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A Glossary of Russian HR Terms

April 1, 1994
Related Topics: Global Business Issues, Featured Article
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Here are a few terms associated with HR in Russia:

Director of social development:
This manager is responsible for administering employee benefits, such as housing, subsidized food from the company farm and child care.

Director of wages:
In large companies, this director handles all areas of employee compensation. In smaller companies, the function is performed by the director of economics.

Employment contract:
The employee and the enterprise are deemed to have a contractual relationship regardless of whether the terms thereof are reduced to writing. Unless written specifically to cover a finite length of time, the employment contract is understood to mean indefinite employment.

Personnel director:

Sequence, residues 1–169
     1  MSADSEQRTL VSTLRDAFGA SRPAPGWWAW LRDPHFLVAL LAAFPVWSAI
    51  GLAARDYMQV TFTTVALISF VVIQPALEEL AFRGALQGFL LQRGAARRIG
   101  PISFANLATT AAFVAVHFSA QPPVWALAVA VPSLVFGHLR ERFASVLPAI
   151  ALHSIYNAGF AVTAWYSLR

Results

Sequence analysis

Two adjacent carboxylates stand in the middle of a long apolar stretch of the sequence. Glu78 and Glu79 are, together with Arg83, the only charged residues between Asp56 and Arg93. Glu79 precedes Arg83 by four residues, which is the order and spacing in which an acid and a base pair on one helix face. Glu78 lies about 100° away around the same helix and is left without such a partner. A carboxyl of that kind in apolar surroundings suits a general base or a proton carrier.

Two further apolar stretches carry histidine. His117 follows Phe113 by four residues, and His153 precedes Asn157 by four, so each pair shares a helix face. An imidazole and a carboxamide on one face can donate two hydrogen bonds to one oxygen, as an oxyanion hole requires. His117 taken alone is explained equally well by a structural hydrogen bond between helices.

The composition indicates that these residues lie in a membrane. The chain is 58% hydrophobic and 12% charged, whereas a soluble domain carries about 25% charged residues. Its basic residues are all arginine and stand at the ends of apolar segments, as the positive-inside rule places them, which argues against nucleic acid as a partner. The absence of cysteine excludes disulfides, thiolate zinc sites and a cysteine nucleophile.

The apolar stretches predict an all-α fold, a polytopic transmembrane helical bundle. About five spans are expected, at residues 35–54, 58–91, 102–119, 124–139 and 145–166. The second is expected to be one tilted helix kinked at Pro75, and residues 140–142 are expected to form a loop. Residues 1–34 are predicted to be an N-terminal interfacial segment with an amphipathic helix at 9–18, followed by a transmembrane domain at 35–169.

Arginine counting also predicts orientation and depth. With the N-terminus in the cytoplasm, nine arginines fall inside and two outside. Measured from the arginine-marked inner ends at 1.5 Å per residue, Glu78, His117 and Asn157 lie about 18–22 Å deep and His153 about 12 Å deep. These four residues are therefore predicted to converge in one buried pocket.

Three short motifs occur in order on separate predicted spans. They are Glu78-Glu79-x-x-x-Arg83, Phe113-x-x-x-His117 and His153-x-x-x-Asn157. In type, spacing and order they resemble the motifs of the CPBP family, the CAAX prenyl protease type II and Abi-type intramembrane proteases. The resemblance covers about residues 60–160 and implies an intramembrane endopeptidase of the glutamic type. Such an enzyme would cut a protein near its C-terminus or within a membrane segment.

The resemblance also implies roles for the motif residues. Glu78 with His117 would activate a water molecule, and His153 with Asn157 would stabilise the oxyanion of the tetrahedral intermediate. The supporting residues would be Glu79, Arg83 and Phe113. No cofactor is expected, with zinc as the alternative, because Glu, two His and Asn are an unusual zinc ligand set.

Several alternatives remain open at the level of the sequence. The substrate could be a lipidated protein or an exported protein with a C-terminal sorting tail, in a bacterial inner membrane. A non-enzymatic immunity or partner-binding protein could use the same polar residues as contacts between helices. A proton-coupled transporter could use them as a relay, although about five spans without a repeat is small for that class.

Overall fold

In most Russian organizations, this person manages employee hiring and firing, retirement and personnel recordkeeping.

Russia Labor Code:
This comprehensive piece of legislation was introduced in 1971 in its current version and has been of tamended since that time, most recently in October 1992. It dictates everything from progressive discipline to additional time off work and supplemental compensation for people employed in Arctic regions.

Social guarantees:
In state-owned companies, employees are granted sick pay and insurance as guaranteed by the former Soviet government. The trade union takes an active role in administering these guarantees.

Specialists:
Like exempt staff in U.S. organizations, these employees are ineligible for overtime pay.

Tariff agreements:
These agreements, left over from the former Soviet system, are decrees issued from Moscow that dictate a national minimum wage and appropriate pay for all job classifications. Those must be signed by the central trade-union body

Workers:
Under the Russian classification system, workers are employees who are compensated on an hourly basis and are eligible for overtime pay.

13th-month pay:
Typically, all employees receive an additional month's pay at the end of each year. This is standard practice and is more of an entitlement than a form of incentive pay.

Personnel Journal, April 1994, Vol.73, No. 4, p. 43.

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